pi@raspberrypi ~/book/chapter01 $ python prog2.py 3628800
The following is an iterative program for the Fibonacci series:
def fib(n): a=0 b=1 for i in range(n): temp=a a=b b=temp+b return a for i in range (0,10): print (fib(i))
The preceding program prints the first 10 numbers in the Fibonacci series. A more "Pythonic" way of writing the same program, which eliminates the use of a temporary variable, is as follows:
def fib(n): a,b = 0,1 for i in range(n): a,b = b,a+b return a for i in range(0,10): print (fib(i))
pi@raspberrypi ~/book/chapter01 $ python prog4.py 0 1 1 2 3 5 8 13 21 34
Turtle graphics is one of the best ways to learn programming for beginners. Originally, it was part of the Logo programming language, which was primarily used to introduce programming in schools. Python has the
turtle module, which is an implementation of the same functionality provided by the original turtle. We can write programs with this module in a procedural as well as object-oriented way.
In Python, when we need to access a module that is not part of the current code, we need to import it. Over the course of the book, we will be importing various modules as and when needed, which will provide us with specific functionalities.
Let's get started with importing the
turtle module, as shown here:
The following code creates objects for turtle and the screen classes, respectively:
We will use the
t.color() function with which we can set the pen and fill color, as follows:
We will call the
t.end_fill() functions to have our shape filled with a fill color:
The code to draw an actual shape we need will be in between these two function calls, as follows:
t.begin_fill() while 1: t.forward(100) t.left(190) if abs(t.pos())<1: break t.end_fill() disp.exitonclick()
In the preceding code,
t.forward() is used to move the turtle forward a specified distance, and
t.left() is used to rotate the turtle left by 190 degrees.
t.pos() returns the current coordinates of the turtle.
Finally, we use
disp.exitonclick() to close the current output window when we click on the exit button.
At the start, the turtle cursor is at (0,0) and is pointed toward the positive direction of the x axis (facing right).
The output of the program will be a cursor drawing the desired shape progressively, and it helps the programmer understand how the program is actually working. The final output of the preceding program is as follows:
Detailed documentation for the turtle API can be found at https://docs.python.org/2/library/turtle.html.
Next, we will learn the concept of recursion. In terms of programming, recursion means calling the same block of code within itself. For a procedural and modular style of programming, this stands for calling a function or method within itself. Usually, this is done to break a big problem into similar problems with smaller input sizes and then collect the output of all these smaller problems to derive the output of the big problem. One of the best ways to see recursion at work is to visualize it using a turtle. We will now write a program to draw a fractal tree using recursion.
First, we start by importing the required libraries, as follows:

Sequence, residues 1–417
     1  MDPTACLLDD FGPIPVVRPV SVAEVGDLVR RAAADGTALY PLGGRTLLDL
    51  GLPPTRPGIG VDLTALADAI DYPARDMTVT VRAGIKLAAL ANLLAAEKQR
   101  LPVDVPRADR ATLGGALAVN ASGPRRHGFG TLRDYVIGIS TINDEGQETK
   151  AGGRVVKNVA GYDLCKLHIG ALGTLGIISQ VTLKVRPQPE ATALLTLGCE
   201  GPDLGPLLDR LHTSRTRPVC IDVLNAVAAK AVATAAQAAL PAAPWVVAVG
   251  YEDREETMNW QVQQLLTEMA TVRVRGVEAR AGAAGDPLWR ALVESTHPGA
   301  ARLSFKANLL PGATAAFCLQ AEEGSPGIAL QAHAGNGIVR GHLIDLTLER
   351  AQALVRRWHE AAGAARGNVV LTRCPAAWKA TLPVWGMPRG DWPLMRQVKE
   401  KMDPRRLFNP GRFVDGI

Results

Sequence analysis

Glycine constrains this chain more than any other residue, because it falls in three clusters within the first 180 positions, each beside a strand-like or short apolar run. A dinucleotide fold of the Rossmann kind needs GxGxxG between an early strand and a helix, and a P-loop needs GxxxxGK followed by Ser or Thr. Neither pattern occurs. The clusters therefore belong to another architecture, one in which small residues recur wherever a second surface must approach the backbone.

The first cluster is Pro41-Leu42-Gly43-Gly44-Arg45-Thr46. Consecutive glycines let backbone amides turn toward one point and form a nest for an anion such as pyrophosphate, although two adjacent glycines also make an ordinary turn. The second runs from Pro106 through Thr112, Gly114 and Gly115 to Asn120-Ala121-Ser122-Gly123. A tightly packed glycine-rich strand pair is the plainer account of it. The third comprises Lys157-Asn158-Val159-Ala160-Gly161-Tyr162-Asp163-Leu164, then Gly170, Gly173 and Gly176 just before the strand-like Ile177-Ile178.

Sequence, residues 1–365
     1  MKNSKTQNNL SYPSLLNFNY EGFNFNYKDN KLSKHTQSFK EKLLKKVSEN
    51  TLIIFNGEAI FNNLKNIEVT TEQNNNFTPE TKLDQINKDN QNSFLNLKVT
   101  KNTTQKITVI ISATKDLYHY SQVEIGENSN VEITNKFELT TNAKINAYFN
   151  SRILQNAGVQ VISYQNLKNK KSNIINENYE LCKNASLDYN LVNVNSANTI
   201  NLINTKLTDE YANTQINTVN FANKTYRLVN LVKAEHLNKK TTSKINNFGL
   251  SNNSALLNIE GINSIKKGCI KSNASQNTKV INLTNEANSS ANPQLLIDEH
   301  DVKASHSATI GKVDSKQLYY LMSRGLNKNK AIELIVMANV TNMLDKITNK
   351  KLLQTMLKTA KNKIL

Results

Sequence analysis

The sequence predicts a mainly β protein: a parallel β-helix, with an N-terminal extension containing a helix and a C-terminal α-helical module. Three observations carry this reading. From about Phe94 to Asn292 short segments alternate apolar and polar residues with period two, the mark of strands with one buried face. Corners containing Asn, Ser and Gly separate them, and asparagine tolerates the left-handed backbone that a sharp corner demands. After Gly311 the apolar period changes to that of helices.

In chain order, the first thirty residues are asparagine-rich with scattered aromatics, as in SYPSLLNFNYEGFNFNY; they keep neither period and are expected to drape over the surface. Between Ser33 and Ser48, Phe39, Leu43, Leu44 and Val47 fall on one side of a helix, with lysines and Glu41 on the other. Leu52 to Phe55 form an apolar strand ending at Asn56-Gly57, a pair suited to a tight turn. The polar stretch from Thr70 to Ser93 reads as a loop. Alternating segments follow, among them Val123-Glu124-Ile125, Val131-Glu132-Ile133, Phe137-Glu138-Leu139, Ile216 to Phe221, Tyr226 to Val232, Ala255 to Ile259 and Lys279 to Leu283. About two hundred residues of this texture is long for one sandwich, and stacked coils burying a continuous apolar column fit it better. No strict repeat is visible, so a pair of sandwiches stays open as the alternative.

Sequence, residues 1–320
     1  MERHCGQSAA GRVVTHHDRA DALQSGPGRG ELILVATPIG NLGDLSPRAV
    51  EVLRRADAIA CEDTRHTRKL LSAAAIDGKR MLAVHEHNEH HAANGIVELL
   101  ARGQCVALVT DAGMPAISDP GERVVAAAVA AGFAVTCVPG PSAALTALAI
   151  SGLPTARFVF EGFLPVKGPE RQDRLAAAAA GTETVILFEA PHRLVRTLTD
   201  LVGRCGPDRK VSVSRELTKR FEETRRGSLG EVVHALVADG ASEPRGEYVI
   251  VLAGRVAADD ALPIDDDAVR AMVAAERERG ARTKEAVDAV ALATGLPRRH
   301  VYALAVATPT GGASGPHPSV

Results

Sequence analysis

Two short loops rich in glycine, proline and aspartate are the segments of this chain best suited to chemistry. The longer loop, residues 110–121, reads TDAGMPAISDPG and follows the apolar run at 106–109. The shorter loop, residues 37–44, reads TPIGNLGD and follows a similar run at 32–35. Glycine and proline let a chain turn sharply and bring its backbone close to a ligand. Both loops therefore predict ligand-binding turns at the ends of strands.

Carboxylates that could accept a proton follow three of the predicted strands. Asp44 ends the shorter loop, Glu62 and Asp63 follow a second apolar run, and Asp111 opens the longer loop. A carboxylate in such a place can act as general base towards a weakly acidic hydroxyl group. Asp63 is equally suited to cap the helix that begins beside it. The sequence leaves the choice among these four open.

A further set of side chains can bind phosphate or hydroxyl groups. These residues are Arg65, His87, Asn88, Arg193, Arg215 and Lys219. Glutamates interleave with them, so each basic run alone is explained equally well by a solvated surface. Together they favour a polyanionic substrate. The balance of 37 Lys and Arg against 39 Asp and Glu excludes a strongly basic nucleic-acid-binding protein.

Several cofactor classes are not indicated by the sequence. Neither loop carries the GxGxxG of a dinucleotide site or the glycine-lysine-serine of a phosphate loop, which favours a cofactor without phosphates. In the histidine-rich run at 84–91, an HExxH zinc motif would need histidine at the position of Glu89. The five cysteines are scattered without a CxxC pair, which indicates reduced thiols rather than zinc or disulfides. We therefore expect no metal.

import turtle import random
We need the
random library for the
randint() function, which returns a random integer in the provided range. This is needed to make our generated tree seem different every time. Then, we will define a function to draw a part of the tree recursively:
def fractal_tree(b_len,t): if b_len > 5: temp=random.randint(1, b_len) temp_angle = random.randint(1, 25) t.forward(temp) t.right(temp_angle) fractal_tree(b_len-10,t) t.left(2 * temp_angle) fractal_tree(b_len-10,t) t.right(temp_angle) t.backward(temp)
In the preceding program, we are calling the same function twice in order to draw the further branches of the tree. If the
b_len parameter is less than or equal to 5, then it will be a leaf (which means that the function will not be called again); else, the recursion will continue. We are randomizing the angle and length of the movement of the turtle while drawing the branches here; otherwise, the tree will be symmetrical, which is very unlikely in real life. The combination of
t.right() ensures that at the end of each function call, the turtle cursor is at the same position as where it started.
Finally, we write the routine to call this recursive function:
t=turtle.Turtle() disp=turtle.Screen() t.left(90) t.up() t.backward(100) t.down() t.color("green") fractal_tree(120,t) disp.exitonclick()
The cursor does not draw the movements between the
t.down() function calls. In the preceding code, we are moving the cursor downward by 100 positions so that the tree should fit in the turtle graphics window. When we call
120 as the argument, it takes more than 30 minutes due to the high degree of recursion. The output of the preceding program is as follows:
In this chapter, we learned about the background of Raspberry Pi and Python. We understood the details of the different models of Pi. We learned how to set up the Raspberry Pi for programming. We also performed some hands-on Python programs. Then, we learned some graphics programming with the turtle library. This got us started with the Pi and the Python programming language, which we will be using throughout the rest of the book.
In the next chapter, we will learn how to play and program